Forenza, a lifelong resident of the Salisbury section of Westbury, was rushed to Nassau University Firefighters Burn Center at Nassau University Medical Center (NUMC) with second and third degree burns covering 85 percent of his body. The next morning, he underwent eight hours of skin graft surgery. He was scheduled for an additional surgery a few days later, but succumbed to his injuries on Nov. 9, before the surgery could take place.
Taking the oath of office commencing his fourth term as North Hempstead Supervisor, Jon Kaiman declared it “a new beginning.” The New Year’s Day inauguration ceremony also included the swearing in of Town Clerk Leslie Gross and town board members Angelo Ferrara, Viviana Russell and Lee Seeman.
Kaiman, who was sworn in by United States Senator Charles Schumer, said he was ‘privileged to have been elected to another term as North Hempstead Town Supervisor.” Despite the historic difficulties confronting all levels of government, Schumer said, “This is a great day for Jon. His is a tough job, a difficult job, but he has done this better than anyone else.”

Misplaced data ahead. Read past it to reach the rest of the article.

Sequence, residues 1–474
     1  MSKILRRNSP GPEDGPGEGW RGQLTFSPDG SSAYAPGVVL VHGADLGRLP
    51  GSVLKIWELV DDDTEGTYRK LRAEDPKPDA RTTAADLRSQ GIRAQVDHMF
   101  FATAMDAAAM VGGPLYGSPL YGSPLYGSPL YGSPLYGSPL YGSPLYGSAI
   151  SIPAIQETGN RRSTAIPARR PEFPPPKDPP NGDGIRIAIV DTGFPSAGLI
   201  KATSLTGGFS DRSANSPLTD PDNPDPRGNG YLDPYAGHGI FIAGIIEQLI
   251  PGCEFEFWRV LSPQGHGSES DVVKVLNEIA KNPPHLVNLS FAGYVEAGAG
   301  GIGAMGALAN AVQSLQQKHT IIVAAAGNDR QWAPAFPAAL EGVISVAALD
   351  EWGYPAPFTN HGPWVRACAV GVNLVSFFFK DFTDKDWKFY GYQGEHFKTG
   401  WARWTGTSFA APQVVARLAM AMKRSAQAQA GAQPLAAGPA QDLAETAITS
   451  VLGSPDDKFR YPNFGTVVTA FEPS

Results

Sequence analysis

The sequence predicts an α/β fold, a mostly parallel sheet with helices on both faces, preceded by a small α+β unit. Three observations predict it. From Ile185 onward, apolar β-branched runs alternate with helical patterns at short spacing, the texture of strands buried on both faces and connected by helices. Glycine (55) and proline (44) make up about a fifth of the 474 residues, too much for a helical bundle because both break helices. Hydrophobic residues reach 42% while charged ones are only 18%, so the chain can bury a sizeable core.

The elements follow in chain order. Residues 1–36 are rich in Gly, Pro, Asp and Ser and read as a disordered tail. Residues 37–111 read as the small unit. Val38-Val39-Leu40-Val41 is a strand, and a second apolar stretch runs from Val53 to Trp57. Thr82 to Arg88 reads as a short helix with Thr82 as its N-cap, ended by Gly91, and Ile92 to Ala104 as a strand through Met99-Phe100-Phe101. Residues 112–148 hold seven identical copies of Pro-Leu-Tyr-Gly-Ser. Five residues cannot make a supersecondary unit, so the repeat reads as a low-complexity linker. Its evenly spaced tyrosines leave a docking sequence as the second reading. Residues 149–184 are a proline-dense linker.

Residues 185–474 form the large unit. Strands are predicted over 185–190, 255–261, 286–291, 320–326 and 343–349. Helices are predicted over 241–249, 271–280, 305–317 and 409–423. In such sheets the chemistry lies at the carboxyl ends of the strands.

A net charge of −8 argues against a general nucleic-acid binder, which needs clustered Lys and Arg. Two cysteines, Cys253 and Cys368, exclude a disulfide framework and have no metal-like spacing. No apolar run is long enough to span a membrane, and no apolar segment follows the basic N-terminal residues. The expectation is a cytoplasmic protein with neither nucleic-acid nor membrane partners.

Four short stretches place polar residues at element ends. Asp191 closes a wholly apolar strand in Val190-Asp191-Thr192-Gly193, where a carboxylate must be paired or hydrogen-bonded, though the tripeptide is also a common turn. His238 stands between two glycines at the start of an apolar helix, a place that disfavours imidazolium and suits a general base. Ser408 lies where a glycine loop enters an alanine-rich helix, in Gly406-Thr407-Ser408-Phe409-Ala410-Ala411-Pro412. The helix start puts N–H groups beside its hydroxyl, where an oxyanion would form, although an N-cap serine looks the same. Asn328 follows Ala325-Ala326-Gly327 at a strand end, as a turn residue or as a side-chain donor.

In an effort to reform a property tax assessment system he feels is broken, Nassau County Executive Ed Mangano unveiled his plan to repair the assessment system to lessen the burden property tax refunds have on the county budget.
Property taxes are viewed as the most serious issue affecting Nassau County residents. Mangano, who took office on January 1, feels that a more accurate assessment system will lead to a decrease in assessment errors and thus a decrease in the amount of money the county pays out for property tax repayments or certioraris.
The new county executive campaigned on having to fix the assessment system and now he will get his opportunity. “It’s one of the most significant issues affecting our residents,” said Mangano.